Material propertyInNGaN
Electron effective mass (m00.1 0.2 
Heavy hole effective mass (m01.63 1.4 
Light hole effective mass (m00.27 0.3 
Split-off hole effective mass (m00.65 0.6 
Crystal-field splitting (meV) 14 
Spin-orbit splitting (meV) 41 19 
Material propertyInNGaN
Electron effective mass (m00.1 0.2 
Heavy hole effective mass (m01.63 1.4 
Light hole effective mass (m00.27 0.3 
Split-off hole effective mass (m00.65 0.6 
Crystal-field splitting (meV) 14 
Spin-orbit splitting (meV) 41 19 
TABLE II.

Calculated ground state transitions in eV (nm).

QW in n-i-n structureQW in p-i-n structure
TransitionIn0.27Ga0.73NIn0.29Ga0.71NIn0.27Ga0.73NIn0.29Ga0.71N
Electron—heavy hole 2.306 (538) 2.227 (557) 2.102 (590) 2.021 (614) 
Electron—light hole 2.369 (523) 2.293 (541) 2.178 (569) 2.100 (590) 
Electron—split-off hole 2.361 (525) 2.284 (543) 2.165 (573) 2.086 (594) 
QW in n-i-n structureQW in p-i-n structure
TransitionIn0.27Ga0.73NIn0.29Ga0.71NIn0.27Ga0.73NIn0.29Ga0.71N
Electron—heavy hole 2.306 (538) 2.227 (557) 2.102 (590) 2.021 (614) 
Electron—light hole 2.369 (523) 2.293 (541) 2.178 (569) 2.100 (590) 
Electron—split-off hole 2.361 (525) 2.284 (543) 2.165 (573) 2.086 (594) 

As can be seen in Fig. 2(a), the p-i-n built-in electric field acts in the same direction as the polarization-induced electric field on (202¯1), resulting in an increased electric field in the QW situated in a p-i-n structure compared to the QW in an n-i-n structure. This increased electric field is expected to red-shift the emission wavelength, and the simulations calculate that a red-shift of 76 nm is expected when comparing emission from the In0.29Ga0.71 N QW in the p-i-n structure to emission from the In0.27Ga0.73 N QW in the n-i-n structure. In addition, these simulations allow us to separately consider the impact that changing the alloy content had on emission wavelength and the impact that band engineering had on emission wavelength. Both increased InGaN indium content and increased total electric field in the QW contribute to red-shifting emission. The modeling work was able to quantify that, in this case, band engineering accounted for a red-shift of 57 nm and the change in alloy content accounted for a red-shift of 19 nm. This illustrates that band engineering can have a significant impact on the emission wavelength of optically pumped QWs.

Figure 3(a) shows the normalized white light EL spectrum of the device from Fig. 1. Light emitted from the (202¯1¯) face was collected using a 0.45 numerical aperture 20× microscope objective. The experimental setup is detailed in Ref. 43. For the data presented in Fig. 3(a), there was no polarizer in the optical path, and the device was operated at 10 A/cm2 under DC bias at room temperature. Similar to the device reported in Ref. 32, the emission color was spatially non-uniform, making it possible to tune the color by changing the measurement location. To obtain white light emission as shown in Fig. 3(a), the measurements were made 680 μm away from the center of the circular p-contact. Moving away from the center of the electrically injected device increased the relative intensity of long wavelength emission from the optically pumped QWs compared to blue emission from the electrically injected QW because blue light that did not escape on the first pass was reflected internally and could excite the optically pumped QWs away from the electrically injected area.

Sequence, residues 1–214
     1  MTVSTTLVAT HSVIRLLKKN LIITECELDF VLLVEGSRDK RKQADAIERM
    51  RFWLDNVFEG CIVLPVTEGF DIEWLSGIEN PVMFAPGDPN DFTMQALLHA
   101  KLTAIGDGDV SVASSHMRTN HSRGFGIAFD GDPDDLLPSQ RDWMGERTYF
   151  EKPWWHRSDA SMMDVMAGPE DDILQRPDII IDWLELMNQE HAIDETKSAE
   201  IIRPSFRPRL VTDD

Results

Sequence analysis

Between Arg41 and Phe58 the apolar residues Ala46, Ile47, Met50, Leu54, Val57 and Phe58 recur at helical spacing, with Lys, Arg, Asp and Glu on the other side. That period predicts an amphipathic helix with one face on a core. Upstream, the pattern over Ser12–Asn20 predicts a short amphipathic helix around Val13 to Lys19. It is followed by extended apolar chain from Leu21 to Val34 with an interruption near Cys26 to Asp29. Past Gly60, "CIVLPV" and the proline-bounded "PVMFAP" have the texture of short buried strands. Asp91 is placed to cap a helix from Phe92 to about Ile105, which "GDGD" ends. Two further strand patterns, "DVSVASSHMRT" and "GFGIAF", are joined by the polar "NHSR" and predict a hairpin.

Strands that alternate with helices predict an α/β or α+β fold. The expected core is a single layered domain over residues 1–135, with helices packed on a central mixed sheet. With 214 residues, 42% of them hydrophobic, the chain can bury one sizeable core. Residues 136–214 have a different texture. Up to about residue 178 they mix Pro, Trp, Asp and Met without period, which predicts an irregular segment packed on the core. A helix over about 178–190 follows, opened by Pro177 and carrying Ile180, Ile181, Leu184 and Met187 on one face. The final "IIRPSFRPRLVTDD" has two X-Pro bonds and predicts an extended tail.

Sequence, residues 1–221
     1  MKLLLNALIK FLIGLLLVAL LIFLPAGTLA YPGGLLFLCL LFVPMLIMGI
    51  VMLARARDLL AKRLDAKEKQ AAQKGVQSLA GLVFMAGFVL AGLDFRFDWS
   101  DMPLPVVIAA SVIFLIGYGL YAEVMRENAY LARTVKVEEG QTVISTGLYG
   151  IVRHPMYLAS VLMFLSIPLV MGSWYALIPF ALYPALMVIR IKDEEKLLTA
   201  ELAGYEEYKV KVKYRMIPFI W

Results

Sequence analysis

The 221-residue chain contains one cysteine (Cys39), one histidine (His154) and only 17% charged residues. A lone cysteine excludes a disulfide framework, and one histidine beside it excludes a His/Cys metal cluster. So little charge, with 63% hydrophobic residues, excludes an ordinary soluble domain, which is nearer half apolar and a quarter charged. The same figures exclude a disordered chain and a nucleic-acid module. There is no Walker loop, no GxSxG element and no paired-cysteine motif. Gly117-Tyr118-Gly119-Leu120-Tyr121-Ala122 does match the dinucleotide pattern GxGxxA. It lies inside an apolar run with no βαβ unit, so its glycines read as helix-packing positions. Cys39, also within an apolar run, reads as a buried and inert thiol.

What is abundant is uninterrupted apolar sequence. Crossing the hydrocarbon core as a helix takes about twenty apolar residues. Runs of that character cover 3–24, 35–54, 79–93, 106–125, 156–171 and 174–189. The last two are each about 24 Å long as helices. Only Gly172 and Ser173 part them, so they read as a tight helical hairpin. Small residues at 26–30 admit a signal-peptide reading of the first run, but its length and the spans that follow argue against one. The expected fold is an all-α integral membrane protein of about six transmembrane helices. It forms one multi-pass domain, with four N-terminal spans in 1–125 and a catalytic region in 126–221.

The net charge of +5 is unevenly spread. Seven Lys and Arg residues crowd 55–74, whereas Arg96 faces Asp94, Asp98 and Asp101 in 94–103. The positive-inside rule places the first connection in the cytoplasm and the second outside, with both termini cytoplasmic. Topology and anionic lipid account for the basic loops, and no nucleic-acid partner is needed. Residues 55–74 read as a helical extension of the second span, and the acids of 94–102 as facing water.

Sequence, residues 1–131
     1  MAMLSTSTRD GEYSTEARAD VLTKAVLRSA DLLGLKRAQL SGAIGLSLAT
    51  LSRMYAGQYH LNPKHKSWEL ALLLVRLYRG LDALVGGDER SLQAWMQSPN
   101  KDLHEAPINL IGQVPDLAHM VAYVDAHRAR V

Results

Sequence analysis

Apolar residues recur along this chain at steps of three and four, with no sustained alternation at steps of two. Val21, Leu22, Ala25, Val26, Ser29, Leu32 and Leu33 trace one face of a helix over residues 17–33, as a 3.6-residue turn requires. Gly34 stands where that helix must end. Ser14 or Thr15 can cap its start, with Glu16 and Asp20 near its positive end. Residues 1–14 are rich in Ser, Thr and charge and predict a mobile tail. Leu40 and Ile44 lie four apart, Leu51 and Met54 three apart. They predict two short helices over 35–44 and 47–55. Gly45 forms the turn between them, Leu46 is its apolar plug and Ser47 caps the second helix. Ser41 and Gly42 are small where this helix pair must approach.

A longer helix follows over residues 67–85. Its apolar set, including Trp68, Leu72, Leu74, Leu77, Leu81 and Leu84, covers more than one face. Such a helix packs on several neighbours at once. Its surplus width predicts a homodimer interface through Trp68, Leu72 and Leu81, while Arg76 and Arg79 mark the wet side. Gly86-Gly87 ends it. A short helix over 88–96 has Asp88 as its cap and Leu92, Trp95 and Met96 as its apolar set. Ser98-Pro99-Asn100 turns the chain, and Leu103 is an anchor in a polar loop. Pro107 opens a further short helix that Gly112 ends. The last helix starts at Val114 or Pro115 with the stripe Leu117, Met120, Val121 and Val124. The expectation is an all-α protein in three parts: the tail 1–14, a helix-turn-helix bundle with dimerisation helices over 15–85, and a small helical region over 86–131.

FIG. 3.

(a) EL spectrum for the device in Fig. 1 with a peak at 450 nm from the electrically injected LED and peaks at 520 nm and 590 nm from optically pumped QWs in n-i-n and p-i-n structures, respectively. (b) EL spectrum from the white light-emitting device reported in Ref. 32 with a peak at 440 nm from an electrically injected LED and a peak at 560 nm from optically pumped QWs.

FIG. 3.

(a) EL spectrum for the device in Fig. 1 with a peak at 450 nm from the electrically injected LED and peaks at 520 nm and 590 nm from optically pumped QWs in n-i-n and p-i-n structures, respectively. (b) EL spectrum from the white light-emitting device reported in Ref. 32 with a peak at 440 nm from an electrically injected LED and a peak at 560 nm from optically pumped QWs.

Close modal